viernes, 23 de noviembre de 2012

Week picks #5


ArtHERE is an open-source project for crowd-sourced urban revitalization. ArtHERE facilitates community-driven urban revitalization through the connecting of spaces and art. Using this online platform, property owners and artists browse, "like", and match available properties and creative proposals in their communities, driving real, physical results.
Here’s how property owners, event curators and artists connect through ArtHERE to bring art to urban spaces:
1. Create an account.
2. Log in.
3. Navigate to your desired region (located above).
4. Submit an art proposal or space.
ART: Submit an open art proposal for property owners and event curators to consider, OR browse for a space you would like to submit your proposal to, and create a match for that space.
SPACES: Upload your space for artists and event curators to see, or browse for an art proposal  you would like to submit your space for and create a match for that proposal.
5. Like ♥ a match by clicking on the heart icon between a space and an art proposal. The more likes a match gets, the higher it shows up on the property owner’s space page, allowing them to be influenced by the communities voting results.
6. Make a match by clicking on the match icon of a space or art proposal, and pair it with an art proposal or space of your choice.


The Center for Urban Pedagogy (CUP) is a nonprofit organization that uses design and art to improve civic engagement. CUP projects demystify the urban policy and planning issues that impact our communities, so that more individuals can better participate in shaping them.
CUP projects are collaborations of art and design professionals, community-based advocates and policymakers, and our staff. Together we take on complex issues—from the juvenile justice system to zoning law to food access—and break them down into simple, accessible, visual explanations.
The tools we create are used by organizers and educators all over New York City and beyond to help their constituents better advocate for their own community needs.
CUP takes two approaches to improving public engagement through civic education: youth education programs in which students work with teaching artists to investigate some aspect of how the city works and create final products that educate others about what they learned; andcommunity education programs that bring together designers and advocates to produce tools, workshops, and publications that explain complex policies or processes for specific audiences.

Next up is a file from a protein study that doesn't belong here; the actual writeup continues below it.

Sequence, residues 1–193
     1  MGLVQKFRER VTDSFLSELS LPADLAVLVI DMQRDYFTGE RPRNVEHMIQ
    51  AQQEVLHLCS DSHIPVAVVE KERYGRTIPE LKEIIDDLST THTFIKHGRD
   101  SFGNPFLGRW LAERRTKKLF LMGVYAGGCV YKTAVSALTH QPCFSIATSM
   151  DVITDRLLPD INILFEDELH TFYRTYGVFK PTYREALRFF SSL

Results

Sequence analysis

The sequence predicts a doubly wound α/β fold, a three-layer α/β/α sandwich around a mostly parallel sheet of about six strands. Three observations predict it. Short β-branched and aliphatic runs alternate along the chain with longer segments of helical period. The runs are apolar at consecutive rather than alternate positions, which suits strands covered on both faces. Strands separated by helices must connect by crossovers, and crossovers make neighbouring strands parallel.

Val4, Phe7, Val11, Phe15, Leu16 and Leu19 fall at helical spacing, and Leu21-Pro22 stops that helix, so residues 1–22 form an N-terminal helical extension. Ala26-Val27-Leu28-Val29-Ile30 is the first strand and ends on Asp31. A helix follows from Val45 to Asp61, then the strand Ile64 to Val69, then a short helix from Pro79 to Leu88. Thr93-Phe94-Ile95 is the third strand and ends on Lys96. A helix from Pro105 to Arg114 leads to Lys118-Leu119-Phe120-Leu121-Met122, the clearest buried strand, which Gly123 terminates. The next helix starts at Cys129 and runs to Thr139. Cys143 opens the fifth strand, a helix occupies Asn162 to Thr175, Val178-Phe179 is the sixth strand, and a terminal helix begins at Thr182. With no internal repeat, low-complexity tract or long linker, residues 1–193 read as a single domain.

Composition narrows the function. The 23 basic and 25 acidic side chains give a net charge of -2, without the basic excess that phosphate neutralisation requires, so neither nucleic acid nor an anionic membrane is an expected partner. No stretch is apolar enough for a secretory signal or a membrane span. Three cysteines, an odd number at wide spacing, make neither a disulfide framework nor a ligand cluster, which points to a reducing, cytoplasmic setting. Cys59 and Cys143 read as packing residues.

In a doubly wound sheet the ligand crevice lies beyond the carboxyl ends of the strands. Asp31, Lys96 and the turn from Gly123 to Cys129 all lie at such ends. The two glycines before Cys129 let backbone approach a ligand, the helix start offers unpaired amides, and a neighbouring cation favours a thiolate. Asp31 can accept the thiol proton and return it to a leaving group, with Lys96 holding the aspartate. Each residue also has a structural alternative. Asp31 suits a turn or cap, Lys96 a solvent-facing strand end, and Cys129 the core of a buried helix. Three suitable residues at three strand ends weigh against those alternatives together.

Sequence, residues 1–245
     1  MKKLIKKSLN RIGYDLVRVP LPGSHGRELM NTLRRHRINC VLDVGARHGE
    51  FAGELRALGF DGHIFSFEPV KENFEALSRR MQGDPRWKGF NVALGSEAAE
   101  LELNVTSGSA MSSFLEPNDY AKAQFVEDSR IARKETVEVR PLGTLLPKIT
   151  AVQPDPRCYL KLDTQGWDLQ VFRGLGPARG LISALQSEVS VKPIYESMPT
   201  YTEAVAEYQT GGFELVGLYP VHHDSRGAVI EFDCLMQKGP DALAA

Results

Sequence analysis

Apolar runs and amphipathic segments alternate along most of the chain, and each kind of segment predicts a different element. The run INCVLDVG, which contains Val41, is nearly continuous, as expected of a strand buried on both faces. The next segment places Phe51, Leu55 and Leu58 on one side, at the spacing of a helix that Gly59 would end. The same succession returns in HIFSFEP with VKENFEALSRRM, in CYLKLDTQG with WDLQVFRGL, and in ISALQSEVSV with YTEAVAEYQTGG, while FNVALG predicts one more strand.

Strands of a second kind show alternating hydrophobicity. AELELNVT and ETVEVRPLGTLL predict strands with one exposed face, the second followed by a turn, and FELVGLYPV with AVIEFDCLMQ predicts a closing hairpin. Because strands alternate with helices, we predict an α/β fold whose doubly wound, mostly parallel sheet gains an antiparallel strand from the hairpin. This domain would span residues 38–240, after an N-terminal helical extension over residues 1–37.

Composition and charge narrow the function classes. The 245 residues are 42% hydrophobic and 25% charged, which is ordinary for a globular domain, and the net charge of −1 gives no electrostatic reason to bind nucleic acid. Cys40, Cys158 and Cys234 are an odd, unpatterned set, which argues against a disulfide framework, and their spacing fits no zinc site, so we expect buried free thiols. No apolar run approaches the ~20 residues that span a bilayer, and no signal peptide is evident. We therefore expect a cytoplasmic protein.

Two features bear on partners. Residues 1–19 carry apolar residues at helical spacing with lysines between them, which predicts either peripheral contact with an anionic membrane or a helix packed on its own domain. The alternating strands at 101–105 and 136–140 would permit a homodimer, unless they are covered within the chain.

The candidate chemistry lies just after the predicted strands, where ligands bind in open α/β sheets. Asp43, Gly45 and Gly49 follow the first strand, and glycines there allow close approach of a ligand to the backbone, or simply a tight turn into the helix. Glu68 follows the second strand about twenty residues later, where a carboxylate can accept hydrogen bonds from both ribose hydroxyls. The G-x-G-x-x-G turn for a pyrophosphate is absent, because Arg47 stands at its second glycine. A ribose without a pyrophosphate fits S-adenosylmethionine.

How do bottom-up / citizens-initiatives contribute to our cities? How can we deal with them best? What makes an initiative successful?
The way that big institutions in the field of spatial development are working is coming to an end. Crisis has caused them to alter or cancel many of their plans, and in the meantime the number of bottom-up / citizens initiatives is increasing rapidly. A paradigm shift seems to be happening. CITIES has engaged in a research project that analysis this development. Where do bottom-up projects pop up? What characteristics do these locations share? What do the projects contribute to the city and what makes certain projects successful and other not?
Over the last couple of years Amsterdam and other cities have witnessed a rapid increase in the number of these initiatives, which is often linked to the global financial crisis. Governments and traditional institutions that had long been the motors of urban development have been confronted with financial problems, and are realizing that the way they function has to change. In the meanwhile, citizens see that transformation processes have stopped and want to make use of the vacant buildings or public spaces they see around them. The paradigm is shifting. Community gardens, temporary office spaces in vacant buildings and collectively commissioned architecture projects are popping up around cities, in which citizens themselves are taking ownership of their urban surroundings.
WeOwnTheCity portrays emerging urban initiatives in Amsterdam, connecting research with photography.
Three Amsterdam-based organizations (CITIES, GUP and ARCAM) work together for the first time to celebrate new urban development trends through an exhibition.
WeOwnTheCity maps the development of small-scale initiatives into new types of urban centers by exploring the potential disconnect between local government, public policy and local urban initiators. This exhibition intends to spark discussions and debates with the goal of understanding how to adapt to a changing urban development context. Questions to ask in pursuing this initiative are: What are the innovative characteristics of emerging urban development initiatives? Can we help decision makers to better understand this inexperienced trend?


We are PrettyvacanT Dublin. We repurpose vacant Dublin properties as temporary exhibition spaces.
We think the best advert for vacant buildings is activity. We use our network of artists to conceive and curate shows that respond directly to the vacant space.
PrettyvacanT Dublin allows artists to exhibit their work in a more visible environment, whilst bringing art to wider ‘everyday’ audience.
“In 2009, we returned from travelling to find Ireland in the grip of recession.
There were vacant properties everywhere: not only down side streets, but on main streets and in city centre locations.
Conceived as a response, PrettyvacanT Dublin wanted to repurpose these vacant properties as temporary exhibition spaces.“

Week picks series features every Friday some initiatives and projects I found or want to highlight on this blog. It will help me to track new findings from community groups, startups or local governments working and delivering solutions relevant to the issues of this blog. I often bookmark them or save them on Tumblr while I wait to use them. Maybe this a good way.

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